Perovskite solar cell research is continuing at a fantastic rate, with the March issue of academic journal Science reporting that a collaboration between UNIST (Ulsan National Institute of Science and Technology) and the Korean Research Institute of Chemical Technology (KRICT) was able to reach 21.2% efficiency with a hybrid organic/inorganic perovskite solar cell.
Perovskite (wiki), a raw material which can be used to harvest solar energy and can be combined with liquid solutions to allow broad application (i.e. the conventional rigid shape of the solar panel could be superseded by something like a ‘spray’ application of a perovskite-based solution), is paving the way for solar technology. Researchers at the ANU (Australian National University) have achieved 26.4% efficiency using a stacked configuration of silicon and perovskite solar cells. The Duong from ANU’s Research School of Engineering heralded the achievement as ‘…a step closer to a low-cost alternative (to silicon based cells)’. It’s important to note that this efficiency was created ANU’s cell size was 0.18cm² (a research size – far from commercially viable). UNSW achieved 12% efficiency for a ‘full size’ 16cm² solar cell last December. Solliance, a Dutch/German/Belgian R&D team, achieved 12.6% in R2R (roll to roll) perovskite solar cells in March.
Although still a far way from the 26.3% efficiency achieved by the Kaneka Corporation using silicon solar panels, it’s important to note that due to the Shockley-Queisser limit silicon panels will never reach greater than 1/3 efficiency. Using perovskite to manufacture solar cells could potentially double this limit – with the added bonus of being inexpensive and using less energy to manufacture. The hybrid organic/inorganic perovskite solar cell discussed at the start of this article (iodine/lead/methyl-ammonium crystalline structure) boosts the efficiency of the panel so that it can carry 2/3 of the energy from light without losing so much to heat.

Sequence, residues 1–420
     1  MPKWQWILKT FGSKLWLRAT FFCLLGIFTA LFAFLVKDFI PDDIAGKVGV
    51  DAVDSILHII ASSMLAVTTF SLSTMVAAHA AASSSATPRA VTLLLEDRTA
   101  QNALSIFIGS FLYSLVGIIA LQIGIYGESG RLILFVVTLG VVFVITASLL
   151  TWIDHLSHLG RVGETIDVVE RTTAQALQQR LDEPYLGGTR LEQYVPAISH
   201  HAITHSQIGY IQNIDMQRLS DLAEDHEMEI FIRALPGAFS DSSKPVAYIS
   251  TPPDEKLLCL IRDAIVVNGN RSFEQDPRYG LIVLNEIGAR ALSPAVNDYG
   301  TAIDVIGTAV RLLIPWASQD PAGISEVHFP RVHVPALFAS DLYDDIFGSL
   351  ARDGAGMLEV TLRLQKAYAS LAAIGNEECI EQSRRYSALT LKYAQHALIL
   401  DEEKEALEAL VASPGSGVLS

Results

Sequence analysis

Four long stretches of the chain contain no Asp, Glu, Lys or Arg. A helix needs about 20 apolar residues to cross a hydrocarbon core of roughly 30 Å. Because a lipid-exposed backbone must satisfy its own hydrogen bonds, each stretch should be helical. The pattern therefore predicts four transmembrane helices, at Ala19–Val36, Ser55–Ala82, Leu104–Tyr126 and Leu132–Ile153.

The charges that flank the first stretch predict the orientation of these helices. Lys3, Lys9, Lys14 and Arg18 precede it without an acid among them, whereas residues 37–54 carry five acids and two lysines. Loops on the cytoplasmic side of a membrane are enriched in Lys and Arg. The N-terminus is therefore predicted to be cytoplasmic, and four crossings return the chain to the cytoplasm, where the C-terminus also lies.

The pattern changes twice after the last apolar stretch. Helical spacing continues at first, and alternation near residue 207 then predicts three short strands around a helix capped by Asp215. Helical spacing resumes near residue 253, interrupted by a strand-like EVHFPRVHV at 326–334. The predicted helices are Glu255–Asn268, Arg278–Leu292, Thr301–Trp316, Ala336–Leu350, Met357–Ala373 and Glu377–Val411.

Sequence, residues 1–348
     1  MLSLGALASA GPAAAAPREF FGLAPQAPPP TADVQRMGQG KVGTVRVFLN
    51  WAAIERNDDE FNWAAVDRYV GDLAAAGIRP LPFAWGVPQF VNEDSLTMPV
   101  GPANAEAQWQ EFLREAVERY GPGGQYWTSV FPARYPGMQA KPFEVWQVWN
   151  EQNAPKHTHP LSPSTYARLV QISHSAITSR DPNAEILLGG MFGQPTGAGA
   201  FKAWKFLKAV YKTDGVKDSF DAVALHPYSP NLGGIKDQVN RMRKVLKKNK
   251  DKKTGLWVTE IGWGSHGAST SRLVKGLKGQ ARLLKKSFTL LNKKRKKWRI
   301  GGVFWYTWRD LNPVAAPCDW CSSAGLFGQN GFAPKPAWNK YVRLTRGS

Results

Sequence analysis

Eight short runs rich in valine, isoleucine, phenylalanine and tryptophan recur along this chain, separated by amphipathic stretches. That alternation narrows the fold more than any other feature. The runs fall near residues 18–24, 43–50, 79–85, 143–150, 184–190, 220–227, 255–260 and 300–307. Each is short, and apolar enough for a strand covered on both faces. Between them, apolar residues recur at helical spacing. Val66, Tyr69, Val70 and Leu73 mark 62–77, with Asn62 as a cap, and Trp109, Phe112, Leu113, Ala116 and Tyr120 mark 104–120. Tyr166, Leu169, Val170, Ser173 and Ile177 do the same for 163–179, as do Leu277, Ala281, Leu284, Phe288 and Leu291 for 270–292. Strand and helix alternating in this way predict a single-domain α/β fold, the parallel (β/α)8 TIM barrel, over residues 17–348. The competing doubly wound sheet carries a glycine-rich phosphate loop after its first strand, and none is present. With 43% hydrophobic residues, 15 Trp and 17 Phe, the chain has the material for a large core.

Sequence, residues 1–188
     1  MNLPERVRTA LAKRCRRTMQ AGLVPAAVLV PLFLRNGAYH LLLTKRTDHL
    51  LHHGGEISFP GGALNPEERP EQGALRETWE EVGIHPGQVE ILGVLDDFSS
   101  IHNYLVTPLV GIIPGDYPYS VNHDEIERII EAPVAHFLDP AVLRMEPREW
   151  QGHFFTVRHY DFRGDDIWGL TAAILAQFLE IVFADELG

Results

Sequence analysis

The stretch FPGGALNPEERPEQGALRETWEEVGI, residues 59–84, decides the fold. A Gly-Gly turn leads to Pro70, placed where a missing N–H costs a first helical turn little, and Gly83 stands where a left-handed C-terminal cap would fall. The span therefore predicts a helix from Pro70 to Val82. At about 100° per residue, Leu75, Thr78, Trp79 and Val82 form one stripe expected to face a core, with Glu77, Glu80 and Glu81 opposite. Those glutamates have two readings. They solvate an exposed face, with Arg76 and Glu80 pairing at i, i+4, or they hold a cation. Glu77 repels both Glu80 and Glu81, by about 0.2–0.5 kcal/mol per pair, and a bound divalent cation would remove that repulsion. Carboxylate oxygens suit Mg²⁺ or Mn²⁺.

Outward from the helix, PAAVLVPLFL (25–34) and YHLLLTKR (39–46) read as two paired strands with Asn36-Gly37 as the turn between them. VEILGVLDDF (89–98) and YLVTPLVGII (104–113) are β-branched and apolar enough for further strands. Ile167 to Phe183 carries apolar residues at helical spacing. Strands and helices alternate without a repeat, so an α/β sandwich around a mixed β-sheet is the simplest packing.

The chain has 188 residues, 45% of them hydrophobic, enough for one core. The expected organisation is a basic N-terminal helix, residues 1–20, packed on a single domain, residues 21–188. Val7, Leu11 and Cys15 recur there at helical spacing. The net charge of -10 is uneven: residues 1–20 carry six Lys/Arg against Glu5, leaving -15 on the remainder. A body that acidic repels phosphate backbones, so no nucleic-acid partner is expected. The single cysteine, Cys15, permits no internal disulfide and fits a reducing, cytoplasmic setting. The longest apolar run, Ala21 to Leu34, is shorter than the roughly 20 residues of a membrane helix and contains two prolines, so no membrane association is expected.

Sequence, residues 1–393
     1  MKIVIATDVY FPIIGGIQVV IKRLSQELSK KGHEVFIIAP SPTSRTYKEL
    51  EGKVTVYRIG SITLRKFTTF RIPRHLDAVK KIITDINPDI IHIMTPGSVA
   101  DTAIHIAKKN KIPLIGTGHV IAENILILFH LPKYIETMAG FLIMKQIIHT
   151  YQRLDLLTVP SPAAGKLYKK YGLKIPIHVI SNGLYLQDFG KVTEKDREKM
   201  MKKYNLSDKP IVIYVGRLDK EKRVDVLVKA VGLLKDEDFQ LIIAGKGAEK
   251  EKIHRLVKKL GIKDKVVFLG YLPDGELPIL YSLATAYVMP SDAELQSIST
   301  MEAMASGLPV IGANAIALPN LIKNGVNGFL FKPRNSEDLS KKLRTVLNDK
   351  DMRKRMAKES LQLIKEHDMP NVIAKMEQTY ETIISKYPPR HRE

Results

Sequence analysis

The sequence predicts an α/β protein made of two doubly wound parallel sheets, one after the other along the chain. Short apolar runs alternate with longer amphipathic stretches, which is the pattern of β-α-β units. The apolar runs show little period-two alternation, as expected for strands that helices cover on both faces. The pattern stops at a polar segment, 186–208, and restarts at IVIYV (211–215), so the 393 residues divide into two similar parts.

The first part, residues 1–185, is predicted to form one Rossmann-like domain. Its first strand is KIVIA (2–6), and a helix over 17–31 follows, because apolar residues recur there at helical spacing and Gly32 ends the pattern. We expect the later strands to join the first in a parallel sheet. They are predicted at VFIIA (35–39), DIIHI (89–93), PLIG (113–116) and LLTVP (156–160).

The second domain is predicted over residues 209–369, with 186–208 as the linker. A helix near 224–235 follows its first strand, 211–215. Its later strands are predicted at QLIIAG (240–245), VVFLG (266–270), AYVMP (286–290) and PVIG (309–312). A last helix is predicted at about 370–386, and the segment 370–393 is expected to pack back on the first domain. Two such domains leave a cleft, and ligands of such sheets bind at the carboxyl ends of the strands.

The fact that this compound can also be applied through myriad techniques such as spraying, dipping, printing, and doctor-blading means that it has a much wider range of application. ‘Solar cells are no longer limited to rigid structures such as panels’, says Dr Anita Ho-baillie, head of Perovskite Solar Cell Research at the Australian Centre for Advanced Photovoltaics (ACAP) at UNSW.
Perovskite’s potential in terms of solar cells was first discovered by Japanese researchers in 2006 and Dr Ho-Baillie says she thinks perovskite solar cell efficiency will be able to reach 24% by the end of the year. There’s still a long way to go for perovskite to surpass silicon as the material of choice for solar cells, but progress is steady and as soon as they break the ‘magical’ 30% barrier it’ll become the material of choice for solar panels, if not before.